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Dear Heini

2 Books Reviewed by Shlomo Liberman

Letters from a Friend and the Mother during the Holocaust

Dear Heini

Paperback, 61 pages, Cost: 25.90 euros

My Heartchild

Monica Gorlén Fallon

Paperback, 263 pages, Cost: 66.90 euros

Hakodesh Press, 2023

Available on www.morebooks.de and Amazon

Most people are familiar with the so-called Kindertransport, the effort started by a British stockbroker, (later Sir) Nicholas Winton. He visited a friend in Prague and saw the need to save Jewish children from the looming war. He convinced the British government to accept up to 10,000 children. What is less known is that other countries also took in refugee children, albeit in smaller numbers. Thus, Sweden accepted to take in 500 children. France, Belgium, the Netherlands, and Denmark also took in a small number of refugee children. All this happened in the summer of 1939, after the events of the Kristallnacht on November 9, 1938 and in some cases continued until 1940 (children from the Netherlands until it was occupied).

Both these two books deal with a personal Holocaust story but from angles different than most books about Holocaust issues.

Heinrich Gorzelanczyk was 14 years old when his mother Gertrud, by then divorced from his father Siegbert, and living in Breslau, Germany, decided to send Heini, as she called him, to Sweden on a program organized by the Youth Aliyah department of the Jewish Agency. A kibbutz was being set up in Sweden to prepare youngsters for farmwork when they would eventually make Aliyah to British Palestine.

The author, Monica Gorlén Fallon, inherited a collection of letters when her father died in 2015 in Norway. She kept them sealed until the Corona lockdown when she had time to read them. Some letters had a different handwriting, so she discovered they were from Heini's good friend, Walter Mayer, who worked with him at the kibbutz at Hälsingegården near Falun in northern Sweden. These letters explain the daily life and concerns of a youngster living apart from his parents like Heini. They are compiled in a short book called Dear Heini with facsimilia of some of the letters included. We are only exposed to one side, Walter's letters, since Heini's letters were not preserved. Only the last letter Heini wrote to Walter, dated August 9, 1942 and returned on August 14 with a handwritten note on the envelope that Walter had drowned on July 28. Heini was convinced Walter had committed suicide. This is the only letter we have from Heini to Walter.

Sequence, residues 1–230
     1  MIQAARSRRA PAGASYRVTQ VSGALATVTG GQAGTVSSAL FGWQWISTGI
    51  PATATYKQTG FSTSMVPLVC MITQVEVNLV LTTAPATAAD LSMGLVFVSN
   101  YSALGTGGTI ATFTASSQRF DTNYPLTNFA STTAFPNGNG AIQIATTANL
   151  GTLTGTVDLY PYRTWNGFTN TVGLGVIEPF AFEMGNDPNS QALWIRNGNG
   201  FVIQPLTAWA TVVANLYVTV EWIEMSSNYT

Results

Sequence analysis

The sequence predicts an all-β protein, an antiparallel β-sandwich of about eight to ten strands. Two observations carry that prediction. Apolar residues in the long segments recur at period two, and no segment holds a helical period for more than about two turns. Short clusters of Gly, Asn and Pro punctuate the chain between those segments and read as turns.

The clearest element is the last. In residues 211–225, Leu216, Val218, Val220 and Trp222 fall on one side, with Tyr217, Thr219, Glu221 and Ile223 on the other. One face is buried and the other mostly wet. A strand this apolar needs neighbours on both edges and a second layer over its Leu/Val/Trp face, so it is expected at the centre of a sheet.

The other book, My Heartchild, brings together many of the letters from Heini's mother, Gertrud, to Heini in Sweden. She wrote almost every day, numbering the letters sequentially in order to keep track of responses due to the slow mail transport, especially during the war years when all letters were censured. We can follow a mother's joy at receiving small photos of Heini and reports of his progress at work and later tried in vain to encourage him to study towards a profession, even after a full days work at the farm. Many letters reflect Heini's efforts to obtain a visa for his mother to join him in Sweden and are heart-breaking to read. His efforts were fruitless and. in December 1942, Gertrud's letters stopped coming.

Heini had asked the Swedish authorities to change his difficult spelled name to Gorlin, which was short for the first letters of his family name and the last letters of his mother's maiden name, Lublin. However, the Swedish authorities claimed this was not "Swedish-sounding" enough, so he had to settle for Gorlén.

Heini married a refugee from Norway, Celia Century. After the war they moved to her home-town, Oslo, where he lived until his death.

Highly recommended!

Interview with the book's author, Monica Gorlén Fallon

Upon her father's death in 2015, Norwegian-Israeli, Monica Gorlén Fallon, discovered a large collection of letters he had saved. Most of the letters were from her grandmother, Gertrud, to her father who had found refuge in Sweden during WWII. Gertrud perished in Auschwitz in 1943.

An additional 14 letters were from her father's friend Walter Mayer, also a young refugee in Sweden from Germany.

While confined during the COVID 19 pandemic, Monica translated these letters and compiled them into two books, My Heartchild and Dear Heini.

Monica is a pianist, musicologist, and athlete. She has performed in chamber ensembles, and as an accompanist for singers on stage, in recordings (some available on YouTube), and in radio broadcasts. Monica served as the piano accompanist for the Cantorial students at the Hebrew Union College in Jerusalem for 26 years. She also lectured about Israel's Art Music. Between 2000 and 2010 she was an artistic manager for Israeli performing musicians.

In 2009 Monica embarked on a new career as a teacher of Outdoor Fitness and Pilates.

 

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Thursday, 23 May 2024

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